Let me begin this post with a short story.
Months after Mom died, Dad and I started putting away most of her clothes and other things. In the course of this cleanup, we discovered two USB flash drives among her things. I scrutinized one of the drives and found pictures of her 2011 trip to Jakarta, Indonesia as part of the 18th Association of Southeast Asian Nations (ASEAN) Summit held that year.
I previously published an entry about her and her colleagues’ trip to Singapore after the summit. This trove of pictures from the flash drive featured the summit itself – alongside pictures from the event’s welcoming dinner for the delegates. It also featured some images of Mom and her colleagues having dinner at one of the street-side joints at the Indonesian capital.
Here are the photos of what she ate during that time. To those following my blog from Indonesia, I might be wrong on what these dishes are called – so your feedback on the exact names of these dishes is very much appreciated.
The first two images were taken during the summit’s welcome dinner for the delegates. She and the other guests were served soto daging Betawi (Jakarta-style beef soup) and what appears to be kerupuk (crispy cracker) sticks. She also got this salmon cooked in assam pedas sauce. Tamarind is the main ingredient of assam pedas sauce, which gives the dish its signature sour taste.
Mom also tried out what appears to be seafood rojak served in a hollowed-out pineapple. I initially thought this was pineapple fried rice until I scrutinized it closely. Rojak is a salad usually made from fruits and vegetables with a spicy-sweet glaze. This version made use of shrimp, squid and cherry tomato slices. The dressing for rojak is often made using palm sugar, peanuts, chilies, and prawn paste – but I wonder what they used for this one.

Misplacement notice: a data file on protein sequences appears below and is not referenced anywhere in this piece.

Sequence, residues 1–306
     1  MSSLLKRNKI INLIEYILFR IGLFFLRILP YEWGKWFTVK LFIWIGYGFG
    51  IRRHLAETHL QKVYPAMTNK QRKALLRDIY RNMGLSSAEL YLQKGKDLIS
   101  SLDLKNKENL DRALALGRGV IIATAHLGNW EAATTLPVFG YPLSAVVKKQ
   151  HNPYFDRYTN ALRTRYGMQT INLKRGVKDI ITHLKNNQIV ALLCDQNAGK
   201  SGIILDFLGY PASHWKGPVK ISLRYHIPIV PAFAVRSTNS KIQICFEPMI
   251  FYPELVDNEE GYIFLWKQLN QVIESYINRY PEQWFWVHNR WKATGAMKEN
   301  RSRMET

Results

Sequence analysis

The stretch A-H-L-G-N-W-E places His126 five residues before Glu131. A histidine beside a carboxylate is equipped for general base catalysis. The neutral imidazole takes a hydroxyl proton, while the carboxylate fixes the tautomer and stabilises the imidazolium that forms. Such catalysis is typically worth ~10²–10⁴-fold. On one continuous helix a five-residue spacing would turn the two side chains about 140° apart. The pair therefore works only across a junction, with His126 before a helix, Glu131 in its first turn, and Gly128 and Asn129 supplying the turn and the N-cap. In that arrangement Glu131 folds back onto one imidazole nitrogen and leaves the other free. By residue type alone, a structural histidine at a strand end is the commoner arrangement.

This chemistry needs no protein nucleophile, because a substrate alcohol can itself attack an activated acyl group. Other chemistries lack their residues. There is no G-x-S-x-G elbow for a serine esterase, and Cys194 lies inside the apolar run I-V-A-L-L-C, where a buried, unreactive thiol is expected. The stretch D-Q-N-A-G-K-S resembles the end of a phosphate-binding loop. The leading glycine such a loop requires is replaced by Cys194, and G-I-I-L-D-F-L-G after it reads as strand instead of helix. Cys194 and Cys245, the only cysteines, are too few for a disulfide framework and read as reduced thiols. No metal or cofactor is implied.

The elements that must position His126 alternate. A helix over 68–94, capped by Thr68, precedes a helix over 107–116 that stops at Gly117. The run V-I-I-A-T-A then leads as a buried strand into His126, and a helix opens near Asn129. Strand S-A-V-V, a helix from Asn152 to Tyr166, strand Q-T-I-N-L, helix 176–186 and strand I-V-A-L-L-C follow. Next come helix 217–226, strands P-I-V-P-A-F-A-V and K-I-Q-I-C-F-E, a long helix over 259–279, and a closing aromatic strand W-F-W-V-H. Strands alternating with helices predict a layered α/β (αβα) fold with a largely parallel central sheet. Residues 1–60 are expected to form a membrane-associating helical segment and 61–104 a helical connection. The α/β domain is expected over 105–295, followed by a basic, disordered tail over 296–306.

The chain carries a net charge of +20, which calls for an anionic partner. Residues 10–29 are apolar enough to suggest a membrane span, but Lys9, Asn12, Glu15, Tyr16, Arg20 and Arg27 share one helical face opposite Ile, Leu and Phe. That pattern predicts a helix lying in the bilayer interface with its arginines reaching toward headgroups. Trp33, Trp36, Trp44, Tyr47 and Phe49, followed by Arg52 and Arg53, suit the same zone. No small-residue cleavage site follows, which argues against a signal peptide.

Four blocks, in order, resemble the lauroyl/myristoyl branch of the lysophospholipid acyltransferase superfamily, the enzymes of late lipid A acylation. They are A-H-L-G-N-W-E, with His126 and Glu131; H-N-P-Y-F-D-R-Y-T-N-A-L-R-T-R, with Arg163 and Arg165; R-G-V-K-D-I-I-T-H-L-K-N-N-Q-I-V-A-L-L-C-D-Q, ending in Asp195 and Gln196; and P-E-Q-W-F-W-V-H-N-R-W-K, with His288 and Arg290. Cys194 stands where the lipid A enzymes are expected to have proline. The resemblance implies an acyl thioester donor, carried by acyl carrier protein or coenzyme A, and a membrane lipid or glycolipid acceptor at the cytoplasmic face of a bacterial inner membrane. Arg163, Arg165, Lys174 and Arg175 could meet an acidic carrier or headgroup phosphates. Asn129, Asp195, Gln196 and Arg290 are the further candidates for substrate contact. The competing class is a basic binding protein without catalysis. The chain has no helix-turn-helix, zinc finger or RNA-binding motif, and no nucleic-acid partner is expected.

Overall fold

This nasi tumpeng apparently stole the show out of all the dishes she tried out during the dinner. Rice cooked with turmeric served in the shape of the cone towered over the different proteins on the plate. Sambal shrimp, bakso (meatball), ayam goreng (fried chicken), ati daging (beef liver), and a side salad surrounded the yellow rice.
On their last night in Jakarta, Mom and her colleagues tried out some Indonesian street food – courtesy of their Indonesian counterparts. They tried out what appeared to be chicken liver and quail egg satay sticks, carrot perkedel (fritters) with sweet and sour sauce, and a plate of gado-gado. The latter is made of vegetables, egg, and fried tofu topped with peanut sauce. Fried kerupuk is often added in for some texture, as seen in this plate.
Looking at Mom’s pictures from this period, I realized that I did inherit her love for food. Back when she was still alive, she often tried to replicate some of the dishes she either tried out during her work-related trips or saw being prepared on television. While I didn’t end up as a chef, I carried over that love for food I got from her – and kept it alive through this blog.
With things getting normal here in Manila – the Philippine government has already loosened restrictions to Alert Level 1 – I hope to get back to writing new food entries soon.
Until the next post, bon appetit.